Men’s Health: Top Tips for Healthy Men

Men and women: one of these things is not like the other


The internet makes it easier than ever to find out anything and everything you need to know about health, wellness, and any medical condition you’ve ever heard of.

It often seems, though, that everything we read online is aimed largely at women. While most human bodies have most things in common, there are some distinct differences between male and female physiques (obviously), and their health needs.

That’s why, in honour of Men’s Health Month, we thought we’d take a look under the hood and see just what makes a man the healthiest version of himself he can possibly be.

Four top tips for men’s health


In much the same way that women need particular nutrients and supplements during pregnancy or menopause, men have unique nutritional needs, too.

A recent article on MedicineNet shares this insight by leading American Dietetic Association spokesperson, Christine Gerbstadt:

“Any food that is good for the cardiovascular system is also good for erectile function in men. “Nutrients that are good for the heart improve circulation to all parts of the body, and these same nutrients provide a layer of protection against cancer and other chronic diseases.”

Unfortunately, the top food choices most men make don’t always include the ones that are best for their health. You probably know that the Big Mac & coke you love to treat yourself with on the way home from a hard day at the office isn’t really going to support your long-term health plans.

But avoiding foods that are bad for you is only a start.

You also need to fill your body with foods that are good for you.

Best foods for men’s health


  1. Zinc
    Zinc is key to a number of human health processes, including vitamin C uptake, skin repair, and immunity. <American Dietetic Association spokesperson Dave Grotto says this potent mineral has some specific benefits for men:

    “Research shows that adequate zinc may protect against cellular damage that leads to prostate cancer,” says Grotto. “Sexual functioning of the male reproductive system, including increased sperm counts, is also enhanced with zinc.”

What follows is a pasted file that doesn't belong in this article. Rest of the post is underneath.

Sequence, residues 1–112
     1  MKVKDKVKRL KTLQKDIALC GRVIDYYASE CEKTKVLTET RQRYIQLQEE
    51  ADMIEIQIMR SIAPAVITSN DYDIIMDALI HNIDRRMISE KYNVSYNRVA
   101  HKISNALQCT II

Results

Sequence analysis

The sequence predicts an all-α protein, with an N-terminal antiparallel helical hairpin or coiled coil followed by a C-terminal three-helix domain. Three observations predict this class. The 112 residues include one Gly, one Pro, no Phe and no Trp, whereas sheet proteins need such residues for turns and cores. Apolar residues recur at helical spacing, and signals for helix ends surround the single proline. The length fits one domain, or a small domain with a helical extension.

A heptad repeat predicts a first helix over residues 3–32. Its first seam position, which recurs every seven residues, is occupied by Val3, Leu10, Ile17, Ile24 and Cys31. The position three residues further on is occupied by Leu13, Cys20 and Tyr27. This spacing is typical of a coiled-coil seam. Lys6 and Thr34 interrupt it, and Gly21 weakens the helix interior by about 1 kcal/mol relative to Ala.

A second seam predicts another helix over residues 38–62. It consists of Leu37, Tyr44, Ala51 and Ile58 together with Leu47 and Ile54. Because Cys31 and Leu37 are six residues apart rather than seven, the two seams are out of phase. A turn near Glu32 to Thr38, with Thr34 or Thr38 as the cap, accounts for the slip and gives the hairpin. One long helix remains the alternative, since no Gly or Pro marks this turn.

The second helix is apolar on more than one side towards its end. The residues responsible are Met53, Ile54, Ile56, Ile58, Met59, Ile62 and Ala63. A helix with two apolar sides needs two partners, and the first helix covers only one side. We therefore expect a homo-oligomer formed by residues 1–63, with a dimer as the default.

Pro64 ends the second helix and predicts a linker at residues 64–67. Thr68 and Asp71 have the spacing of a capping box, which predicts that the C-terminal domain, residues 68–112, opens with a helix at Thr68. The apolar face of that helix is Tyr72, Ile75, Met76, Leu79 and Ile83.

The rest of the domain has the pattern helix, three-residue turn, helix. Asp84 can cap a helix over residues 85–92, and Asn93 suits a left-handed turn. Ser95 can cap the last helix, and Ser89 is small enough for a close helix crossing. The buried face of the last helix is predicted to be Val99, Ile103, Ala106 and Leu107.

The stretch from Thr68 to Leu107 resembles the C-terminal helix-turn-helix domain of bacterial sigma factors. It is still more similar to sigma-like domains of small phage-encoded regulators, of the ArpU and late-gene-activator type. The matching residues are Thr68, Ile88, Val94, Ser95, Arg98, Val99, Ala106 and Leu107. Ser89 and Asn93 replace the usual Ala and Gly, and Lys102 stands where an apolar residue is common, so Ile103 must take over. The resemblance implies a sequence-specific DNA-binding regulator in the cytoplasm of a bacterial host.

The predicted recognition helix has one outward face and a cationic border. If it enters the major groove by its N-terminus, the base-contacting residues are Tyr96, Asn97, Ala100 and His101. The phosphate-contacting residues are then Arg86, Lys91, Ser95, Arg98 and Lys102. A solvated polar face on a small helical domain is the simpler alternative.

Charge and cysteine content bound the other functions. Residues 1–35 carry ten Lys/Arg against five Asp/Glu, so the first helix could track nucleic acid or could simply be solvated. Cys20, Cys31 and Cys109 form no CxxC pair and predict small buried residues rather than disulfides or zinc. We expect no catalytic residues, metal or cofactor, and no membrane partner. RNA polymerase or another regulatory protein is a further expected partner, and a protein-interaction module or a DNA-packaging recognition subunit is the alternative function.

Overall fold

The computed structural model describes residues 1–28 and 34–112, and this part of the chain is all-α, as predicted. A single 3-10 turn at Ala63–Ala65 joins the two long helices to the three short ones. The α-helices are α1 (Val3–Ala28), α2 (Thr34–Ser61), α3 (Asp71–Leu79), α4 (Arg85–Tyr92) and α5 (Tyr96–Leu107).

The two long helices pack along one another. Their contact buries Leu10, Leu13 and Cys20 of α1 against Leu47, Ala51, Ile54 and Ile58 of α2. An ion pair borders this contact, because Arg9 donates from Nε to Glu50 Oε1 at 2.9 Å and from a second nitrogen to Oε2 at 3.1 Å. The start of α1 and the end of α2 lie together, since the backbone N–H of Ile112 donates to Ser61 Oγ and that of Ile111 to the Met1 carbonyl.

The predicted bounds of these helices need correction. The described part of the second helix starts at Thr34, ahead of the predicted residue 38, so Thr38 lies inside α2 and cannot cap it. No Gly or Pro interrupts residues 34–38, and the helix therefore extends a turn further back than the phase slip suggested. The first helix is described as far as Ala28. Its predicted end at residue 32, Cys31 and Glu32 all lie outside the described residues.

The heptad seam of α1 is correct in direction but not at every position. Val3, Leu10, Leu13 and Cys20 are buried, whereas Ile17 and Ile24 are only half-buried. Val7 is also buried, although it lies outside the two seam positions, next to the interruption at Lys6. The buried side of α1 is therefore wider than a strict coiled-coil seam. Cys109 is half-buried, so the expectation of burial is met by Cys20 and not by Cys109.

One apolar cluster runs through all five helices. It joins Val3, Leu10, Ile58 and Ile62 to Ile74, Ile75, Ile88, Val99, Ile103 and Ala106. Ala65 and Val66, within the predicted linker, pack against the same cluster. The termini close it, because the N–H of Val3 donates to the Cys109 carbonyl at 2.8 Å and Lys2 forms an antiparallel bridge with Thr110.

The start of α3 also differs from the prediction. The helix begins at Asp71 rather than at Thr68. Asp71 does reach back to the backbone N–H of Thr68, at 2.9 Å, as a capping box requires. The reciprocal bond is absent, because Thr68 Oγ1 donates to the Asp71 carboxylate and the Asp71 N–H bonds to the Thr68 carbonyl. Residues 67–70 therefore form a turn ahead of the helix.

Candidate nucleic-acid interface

Zinc can be found in oysters, shellfish, lean beef, pork, or legumes.

  2. Potassium
    Potassium regulates blood pressure, reduces anxiety, regulates the nervous system and promotes a healthy heartbeat. Bananas are an excellent source of potassium. As an added bonus, bananas pack a vitamin B-6 punch and aid immunity and the formation of red blood cells. Best of all, they support protein metabolism, making the 6-pack a whole lot more achievable.

    If you’re not a fan of the portable fun-factory food that is the humble banana, other sources of potassium can be found in fresh orange juice, milk, tomatoes, and beans.

  3. Essential Fatty Acids (EFAs)
    Omega 3 fatty acids are earning a legendary superfood status in the health and wellness community – and with good reason! These unassuming food oils are the body’s first line of defence against inflammation, making them champions in the war against aging, arthritis, and brain diseases. Omega 3s also support healthy circulation and immunity, and reduce the risk of prostate cancer.

    Joy Bauer, MS, RD, author of Joy Bauer’s Food Cures and Today Show nutrition expert, says, “Omega-3 fatty acids are potent anti-inflammatory foods that can help lower triglyceride [blood fat] levels, reduce aches and pains in athletes, and offer relief with certain kinds of arthritis.”

  4. Broccoli
    Yes, we know. Broccoli is not a vitamin or a mineral. This is not a typo. Broccoli is a powerhouse packed with vitamin c, beta-carotene, potassium, and sulphoraphane, a cancer fighter shown to reduce the likelihood of both prostate and colon cancer. In fact, all the cruciferous vegetables share these accolades, and should definitely form part of everyone’s healthy diet. Don’t bunk the broccoli! Your body needs it.

  5. Flavonoids
    Those deep, beautiful colours that make berries so appealing are also the reason why they’re just what you need if you want to stay healthy. The violet, red, and blue pigments in berries and cherries are created by flavonoids, powerful cancer fighters in their own right.

    In fact, Gerbstadt explains that berries have stronger antioxidant properties than vitamin C, while Bauer explains that adding berries to your daily diet can reduce the negative effects of aging. “Large studies show the more produce you eat the better, but specifically berries (blackberries, blueberries, strawberries, raspberries, cranberries, and cherries) can enhance brain function and keep your brain healthy,” he says.